Dalai Lama calls for secular transition; Chinese atheists demand reincarnation

The Dalai Lama announced on March 10 that he will step down as political leader of the Tibetan government-in-exile based in Dharamsala, India. “As early as the 1960s, I have repeatedly stressed that Tibetans need a leader, elected freely by the Tibetan people, to whom I can devolve power,” he said in a prepared speech. “Now, we have clearly reached the time to put this into effect.” At present, the 14th Dalai Lama has a dual political and spiritual role. He will now retire as political leader, while retaining his function as the head of the Gelup School of Tibetan Buddhism and Tibet’s spiritual leader. The announcement came on the 52nd anniversary of the Tibetan National Uprising. During the next session of the Tibetan parliament-in-exile on March 14, the Dalai Lama will formally propose an amendment to its constitution—known as the Charter for Tibetans in Exile—allowing him to devolve political authority to an elected prime minister, to be known as the Kalon Tripa.

Tibetan groups across the diaspora reacted with appeals to the Dalai Lama to reconsider his move and remain in power. The Chinese foreign ministry dismissed the announcement, calling the Dalai Lama a “religious crook,” who is trying to splinter China. (Reuters, CNN, Orissa Diary, March 10)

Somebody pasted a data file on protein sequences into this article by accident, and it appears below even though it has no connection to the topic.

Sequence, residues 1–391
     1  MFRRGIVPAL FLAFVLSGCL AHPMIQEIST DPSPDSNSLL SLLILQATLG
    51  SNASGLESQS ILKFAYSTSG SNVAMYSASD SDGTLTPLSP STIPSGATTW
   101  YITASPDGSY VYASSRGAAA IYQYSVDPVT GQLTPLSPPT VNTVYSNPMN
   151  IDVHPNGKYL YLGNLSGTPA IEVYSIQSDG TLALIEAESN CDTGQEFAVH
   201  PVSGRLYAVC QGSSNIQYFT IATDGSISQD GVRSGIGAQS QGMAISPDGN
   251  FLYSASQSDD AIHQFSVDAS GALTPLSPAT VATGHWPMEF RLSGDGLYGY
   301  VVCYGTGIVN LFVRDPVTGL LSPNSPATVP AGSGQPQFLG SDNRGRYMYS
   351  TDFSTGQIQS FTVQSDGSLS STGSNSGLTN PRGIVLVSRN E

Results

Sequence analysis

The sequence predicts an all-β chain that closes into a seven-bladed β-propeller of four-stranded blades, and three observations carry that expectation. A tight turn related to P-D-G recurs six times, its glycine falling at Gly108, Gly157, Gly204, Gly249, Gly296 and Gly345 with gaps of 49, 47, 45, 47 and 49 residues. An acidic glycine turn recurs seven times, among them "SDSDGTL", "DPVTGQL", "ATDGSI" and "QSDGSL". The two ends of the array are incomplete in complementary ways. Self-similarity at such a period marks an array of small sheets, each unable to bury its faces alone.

Ironically, the officially atheist Chinese state rejects this move towards secularism and is appealing to a Tibetan fundamentalist position by insisting that the new Tibetan leader can only be chosen through reincarnation—as long as the cosmic forces of reincarnation submit to the will of Beijing bureaucrats. Last month, Beijing’s State Administration for Religious Affairs disclosed plans to enact a new law forbidding the new Dalai Lama to be reborn anywhere but on Chinese-controlled soil, and giving final say to Chinese authorities when the time comes to identify his 15th incarnation. (Newsweek, Feb. 20) This is obviously a reaction to fears that the new Dalai Lama will emerge from the Tibetan exiles in India, who bitterly reject Beijing’s control of their homeland.

See our last posts on China, Tibet and the politics of reincarnation.

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  1. Chinese atheists enforce reincarnation

    More high irony from the "Communist" (sic) Beijing bureaucracy. The March annual meeting of the National People's Congress was apparently dominated by concerns over Dalai Lama's recent speculation that he might end his spiritual lineage and not reincarnate. Zhu Weiqun, the Communist Party's Tibet pointman, told reporters in Beijing: "Decision-making power over the reincarnation of the Dalai Lama, and over the end or survival of this lineage, resides in the central government of China." (NYT, March 12)

  2. Chinese atheists enforce reincarnation redux

    In the latest surreal development in China's reincarnation wars, it seems the State Administration for Religious Affairs has published an official list of 870 verified Tibetan monks, or "living buddhas," held to be re-embodiment of earlier ones in a system established in the 13th century. Endorsed by the Buddhist Association of China, it is intended to "to counter fake living buddhas who have been found cheating believers for money and undermining the reputation of living buddhas and Tibetan Buddhism," according to Xinhua. We think we know what that means. (PTI, Jan. 18)